derborence.jpg (14277 bytes)Dwight Peck's lengthy translations

Derborence, by Ramuz

when the mountain fell

translated by D. C. Peck with assistance from Petit Robert


ramuz.gif (27068 bytes)Charles Ferdinand Ramuz was born in Lausanne in 1878, hung out in Paris with the artsy Big Boys from 1903 to 1914, then gratefully came home and never left again. He is doubtless the premier Swiss French writer, and in the course of his long career – he died in 1947 in Pully, near Lausanne – he created a very large body of extraordinary works. In my own non-expert view, his most outstanding achievement was his creation of a melding of an "artless" Swiss mountain peasant way of thought and expression with a structural idiom based upon the sophisticated mindset of Greek drama and the force of expressionist French poetry. I’ve not read all of his books, and I don’t read French as a native might, but my favorites are definitely Derborence (1934) and Le grande peur dans la montagne (1926), both of which brilliantly capture pre-modern high-mountain life in almost a post-modern idiom.

Derborence is still a wonderful place (though the chef of the low-cost lodgings there, in Godey, seems frequently to fall off the back porch drunk, leaving the desperate waitress to offer lodgers only salads and the cheese fondue). Situated at about 1450 meters in a vast hollow behind the massif of the Diablerets, the "mountain of the devils" (3208m), but looking squintingly out southward through a really vicious gorge towards Sion and the valley of the Rhône, Derborence has been a high mountain pasturage since Roman times, used in summer by the peasants of the villages high above Sion in the canton of Valais. The Pas de Chevilles, however, leads steeply up westward over towards Bex in the canton of Vaud [map below], and the Col de Sanetsch leads northwards over towards Gsteig and Gstaad in the canton of Bern.

In the 18th century, extremely large pieces of the Diablerets and its glaciers broke off and descended upon Derborence, to everyone’s instant regret. There, every summer, grazers brought up their cows and sheep and lived in teeny rustic little huts, shoving the animals around and living on bread and cheese inexorably hardening and wishing TV had been invented. Moms, and kids, and all the old dads and grandmoms stayed back in the villages down below. The back half of the mountain collapsed and squooshed people, cows, sheep, trees, shrubs, in fact, everything. It was recorded at the time that, months later, a sole survivor wriggled his way out of the rocks and slabs and went home. This is the simple record upon which Ramuz built his superb story.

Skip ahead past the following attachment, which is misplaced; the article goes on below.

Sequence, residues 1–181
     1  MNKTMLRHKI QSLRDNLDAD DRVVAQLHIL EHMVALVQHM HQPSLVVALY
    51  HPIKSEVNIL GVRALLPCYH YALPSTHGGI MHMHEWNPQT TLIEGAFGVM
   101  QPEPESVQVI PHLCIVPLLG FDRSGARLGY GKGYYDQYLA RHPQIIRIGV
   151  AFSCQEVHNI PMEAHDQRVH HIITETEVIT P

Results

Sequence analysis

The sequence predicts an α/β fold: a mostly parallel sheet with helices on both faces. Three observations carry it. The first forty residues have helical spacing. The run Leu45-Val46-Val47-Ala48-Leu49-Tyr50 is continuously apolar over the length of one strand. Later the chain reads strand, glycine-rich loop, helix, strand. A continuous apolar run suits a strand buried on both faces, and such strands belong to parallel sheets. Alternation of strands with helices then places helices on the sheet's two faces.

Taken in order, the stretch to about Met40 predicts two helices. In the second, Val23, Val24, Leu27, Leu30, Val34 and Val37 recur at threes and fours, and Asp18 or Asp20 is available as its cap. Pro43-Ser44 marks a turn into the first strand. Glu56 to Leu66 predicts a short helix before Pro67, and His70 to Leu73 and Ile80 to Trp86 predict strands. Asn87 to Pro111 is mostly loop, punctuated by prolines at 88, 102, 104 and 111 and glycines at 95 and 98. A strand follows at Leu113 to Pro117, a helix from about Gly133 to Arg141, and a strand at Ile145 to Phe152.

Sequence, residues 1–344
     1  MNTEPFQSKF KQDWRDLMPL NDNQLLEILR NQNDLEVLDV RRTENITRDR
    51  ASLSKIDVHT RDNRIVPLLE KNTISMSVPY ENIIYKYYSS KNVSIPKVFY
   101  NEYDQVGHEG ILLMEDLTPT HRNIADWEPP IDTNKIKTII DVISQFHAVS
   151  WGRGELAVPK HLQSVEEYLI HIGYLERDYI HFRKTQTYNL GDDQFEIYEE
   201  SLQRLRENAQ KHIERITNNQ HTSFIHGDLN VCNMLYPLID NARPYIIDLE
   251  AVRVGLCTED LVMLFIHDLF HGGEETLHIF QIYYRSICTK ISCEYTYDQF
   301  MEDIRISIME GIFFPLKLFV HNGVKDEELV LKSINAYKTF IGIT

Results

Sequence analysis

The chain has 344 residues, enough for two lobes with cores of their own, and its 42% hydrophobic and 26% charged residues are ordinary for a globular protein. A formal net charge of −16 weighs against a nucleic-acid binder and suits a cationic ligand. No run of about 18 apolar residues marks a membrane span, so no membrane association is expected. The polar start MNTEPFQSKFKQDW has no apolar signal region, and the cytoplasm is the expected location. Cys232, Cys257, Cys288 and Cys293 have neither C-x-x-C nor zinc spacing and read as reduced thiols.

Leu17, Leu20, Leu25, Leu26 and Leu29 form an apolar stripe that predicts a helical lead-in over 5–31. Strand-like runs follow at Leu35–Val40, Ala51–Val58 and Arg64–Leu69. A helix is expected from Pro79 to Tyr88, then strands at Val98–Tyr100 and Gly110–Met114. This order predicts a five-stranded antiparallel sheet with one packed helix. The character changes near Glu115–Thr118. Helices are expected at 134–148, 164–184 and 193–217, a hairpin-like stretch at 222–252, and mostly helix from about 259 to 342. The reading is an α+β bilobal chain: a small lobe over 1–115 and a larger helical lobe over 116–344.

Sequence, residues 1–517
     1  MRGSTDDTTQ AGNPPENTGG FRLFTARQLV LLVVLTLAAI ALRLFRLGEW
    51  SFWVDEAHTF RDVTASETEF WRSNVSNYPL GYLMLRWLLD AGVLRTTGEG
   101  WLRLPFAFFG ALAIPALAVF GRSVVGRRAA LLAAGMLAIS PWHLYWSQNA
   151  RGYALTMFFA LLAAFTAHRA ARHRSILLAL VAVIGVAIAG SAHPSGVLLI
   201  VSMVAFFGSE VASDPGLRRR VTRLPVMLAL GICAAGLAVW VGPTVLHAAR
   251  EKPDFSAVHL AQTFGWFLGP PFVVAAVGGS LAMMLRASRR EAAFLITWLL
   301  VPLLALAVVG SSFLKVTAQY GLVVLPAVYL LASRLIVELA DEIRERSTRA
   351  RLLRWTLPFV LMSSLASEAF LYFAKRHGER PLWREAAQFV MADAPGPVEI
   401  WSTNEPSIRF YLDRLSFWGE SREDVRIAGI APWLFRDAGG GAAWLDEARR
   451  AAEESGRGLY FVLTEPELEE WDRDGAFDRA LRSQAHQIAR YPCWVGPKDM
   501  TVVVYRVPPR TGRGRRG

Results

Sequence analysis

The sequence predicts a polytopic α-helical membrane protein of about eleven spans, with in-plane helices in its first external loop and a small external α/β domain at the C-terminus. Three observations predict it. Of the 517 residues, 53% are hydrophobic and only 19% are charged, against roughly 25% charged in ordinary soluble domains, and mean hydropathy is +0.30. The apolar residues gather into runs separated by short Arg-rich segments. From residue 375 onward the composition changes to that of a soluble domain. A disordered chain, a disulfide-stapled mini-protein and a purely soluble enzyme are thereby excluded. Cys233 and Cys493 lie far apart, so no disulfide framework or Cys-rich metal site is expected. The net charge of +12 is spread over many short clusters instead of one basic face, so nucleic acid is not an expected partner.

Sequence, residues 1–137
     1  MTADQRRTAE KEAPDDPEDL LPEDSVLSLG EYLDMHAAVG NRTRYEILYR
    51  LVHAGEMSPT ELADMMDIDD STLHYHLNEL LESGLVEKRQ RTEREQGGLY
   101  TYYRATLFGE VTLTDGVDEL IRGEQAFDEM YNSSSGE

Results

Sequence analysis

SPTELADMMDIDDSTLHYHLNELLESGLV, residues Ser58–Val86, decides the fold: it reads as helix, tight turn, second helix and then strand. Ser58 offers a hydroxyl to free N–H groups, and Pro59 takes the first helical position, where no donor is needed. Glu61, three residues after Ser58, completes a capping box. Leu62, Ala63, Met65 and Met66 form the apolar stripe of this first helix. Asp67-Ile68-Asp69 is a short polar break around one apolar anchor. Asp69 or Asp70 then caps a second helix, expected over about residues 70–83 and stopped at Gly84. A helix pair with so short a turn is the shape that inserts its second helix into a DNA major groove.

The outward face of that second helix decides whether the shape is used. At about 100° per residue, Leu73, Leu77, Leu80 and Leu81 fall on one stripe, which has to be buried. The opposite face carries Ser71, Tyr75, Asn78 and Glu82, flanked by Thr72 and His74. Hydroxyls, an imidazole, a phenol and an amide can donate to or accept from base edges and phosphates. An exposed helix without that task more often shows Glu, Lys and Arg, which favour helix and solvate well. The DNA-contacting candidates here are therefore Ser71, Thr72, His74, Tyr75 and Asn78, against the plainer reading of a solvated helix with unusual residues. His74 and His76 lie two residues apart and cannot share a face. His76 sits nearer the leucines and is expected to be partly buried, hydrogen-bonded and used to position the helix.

In Derborence, Ramuz created an astonishing fake peasant form of speech, at once authentically peasanty-sounding and at the same time highly poetic and artificial – distant, removed, observational, repetitive when necessary, but of course extremely emotive and even sentimental at times. Well, in fact, VERY sentimental at times. That’s okay with me, I reckon he’s earned the sentimentality by virtue of the stark realism of the peasant way of life. (Don't you grad students give me T. S. Eliot's "objective correlative" at this point, I'm trying to be serious!)

And the narrative voice is sometimes astonishing - in a single sentence, the narrator's voice can observe a person, then become the person observing something else, then observe the person observing something else and responding to it, with no confusion or delay for the reader, only a perfect sense of suitability and rightness and a small flash of insight, as the story carries on without a hitch. And the frequent use of the second-person, telling you the reader what you can see and hear -- it's almost cinematic. The hard, minute observational character of some of the narration reminds one often of Alain Robbe-Grillet, an apparently-emotionless attention to physical detail which in fact evokes great emotion.

But for me, the most devastating narrative technique is Ramuz's use of repetition, drawn from Greek drama I suppose, which creates a sense of inevitability, of fate: "it was the 22nd of June", "it was 9 o'clock, the 22nd of June" -- it reminds you of the knocking on the door in MacBeth -- you are in the hands of an artist, and you have only to follow where he leads you.